One of the ongoing challenges of ministry, particularly occupational ministry, is taking up the work God gives us to do without allowing it to become the primary driver of our identity. We all know the temptation, and gravitational pull on our hearts, to feel less valuable when things are going poorly and more valuable when they are going well. We also know our identity is meant to be rooted in Christ, not ministry success. For many of us the last two years have revealed again where that work has been done and where it has not.

How do we continue to do the hard work of firmly planting our identity in Christ so that we weather ministry success and failure with faithfulness and joy?


When philosophers talk about identity, they typically mean something like the question, “How do I know I exist?” They discuss concepts like persistence (Is the “me” that existed yesterday the same “me” that exists today, and how do I know?) and fission (Could there be more than one me inhabiting my physical body?). As fascinating as those existential questions are, when the average person talks about identity, we mean something more like the question, “Who am I at my core?”, by which we are really asking, “What gives me value?”. How we answer that question of value is the key to establishing a firm identity.

Value, for most of us, is drawn from three places: our Purpose, People, and Power. We derive our sense of worth by knowing what we are on earth to do, what group of people accepts us and to whom we belong, and what abilities we possess that enable us to accomplish our purpose and receive affirmation from our people. Tim Keller has some interesting and helpful thoughts on how identity is established in a modern vs. traditional cultural setting. His overarching takeaway, is that in both these contexts, identity is achieved (albeit in different ways) and thereby inherently unstable. Christ offers us an identity which we receive, because of His work, and thereby cannot be taken from us. In Christ, our primary purpose is no longer a task, it is our relationship with Him. Our primary people are no longer our national or ethnic group or even our biological family, it is the Church. Our power is no longer what we must strive and strain to grow, it is whatever set of gifts and skills God chooses to impart to us for the role we play in His work. There are massive implications for our faithfulness and joy in understanding how Christ brings a new paradigm to our Purpose, People, and Power.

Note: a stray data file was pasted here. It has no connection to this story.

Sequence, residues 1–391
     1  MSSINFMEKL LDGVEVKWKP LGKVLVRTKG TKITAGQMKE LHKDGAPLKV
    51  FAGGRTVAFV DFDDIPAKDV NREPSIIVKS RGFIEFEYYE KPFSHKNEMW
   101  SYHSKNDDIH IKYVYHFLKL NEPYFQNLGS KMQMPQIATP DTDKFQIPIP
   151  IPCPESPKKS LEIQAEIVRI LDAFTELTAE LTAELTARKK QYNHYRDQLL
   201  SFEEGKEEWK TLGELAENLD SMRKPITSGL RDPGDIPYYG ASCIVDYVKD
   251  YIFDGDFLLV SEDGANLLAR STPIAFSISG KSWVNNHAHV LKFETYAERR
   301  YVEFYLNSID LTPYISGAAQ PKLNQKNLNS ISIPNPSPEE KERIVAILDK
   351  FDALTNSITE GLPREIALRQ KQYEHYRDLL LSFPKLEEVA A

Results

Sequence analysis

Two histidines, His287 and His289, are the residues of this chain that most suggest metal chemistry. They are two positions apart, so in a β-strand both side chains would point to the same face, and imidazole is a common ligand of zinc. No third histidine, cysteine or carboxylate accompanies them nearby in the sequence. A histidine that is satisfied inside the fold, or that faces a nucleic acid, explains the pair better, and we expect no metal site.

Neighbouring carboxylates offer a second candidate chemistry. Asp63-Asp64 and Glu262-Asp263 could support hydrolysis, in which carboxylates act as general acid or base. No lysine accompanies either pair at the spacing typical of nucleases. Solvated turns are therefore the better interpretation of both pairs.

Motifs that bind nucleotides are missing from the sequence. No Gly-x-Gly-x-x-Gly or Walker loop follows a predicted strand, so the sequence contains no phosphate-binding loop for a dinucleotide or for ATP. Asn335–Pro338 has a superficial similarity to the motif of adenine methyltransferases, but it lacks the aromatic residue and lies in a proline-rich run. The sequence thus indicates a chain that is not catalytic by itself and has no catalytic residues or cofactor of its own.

All the identity statements the New Testament makes about us, (We are: Ambassadors, Ministers of Reconciliation, God’s Temple, Christ’s Body, Citizens of God’s Kingdom, etc.), probably the most helpful in thinking about our received identity is that we are Children of God (see Romans 8:16, John 1:12, and I John 3:1). To be God’s son or daughter through Christ is to answer questions of Purpose, People, and Power in a way that we cannot be elevated by success or lowered by failure in ministry.


With that framework in place, let’s spend the rest of this post considering some things we can do that will reinforce drawing our Purpose, People, and Power from our identity as God’s Children rather than from the work of ministry we do.

1. Create a rhythm of pulling away for prayer and guard it.

My kids know and experience my heart as their father through the time we spend together, especially the times we pull away from our day to day activities to get more intentional and extended time together one on one. Establishing an identity as God’s son or daughter requires spending extended, uninterrupted, time with Him. Don’t let the press of ministry steal away this time or convince you it isn’t necessary.

2. Join your area EFCA Pastor Cluster.